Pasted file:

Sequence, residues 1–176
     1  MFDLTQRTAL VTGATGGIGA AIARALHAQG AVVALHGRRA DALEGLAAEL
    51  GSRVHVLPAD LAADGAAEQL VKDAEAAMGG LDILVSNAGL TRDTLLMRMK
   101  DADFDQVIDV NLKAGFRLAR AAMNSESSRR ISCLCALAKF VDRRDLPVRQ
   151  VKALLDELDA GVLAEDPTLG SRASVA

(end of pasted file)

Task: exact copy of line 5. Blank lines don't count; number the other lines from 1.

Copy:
   151  VKALLDELDA GVLAEDPTLG SRASVA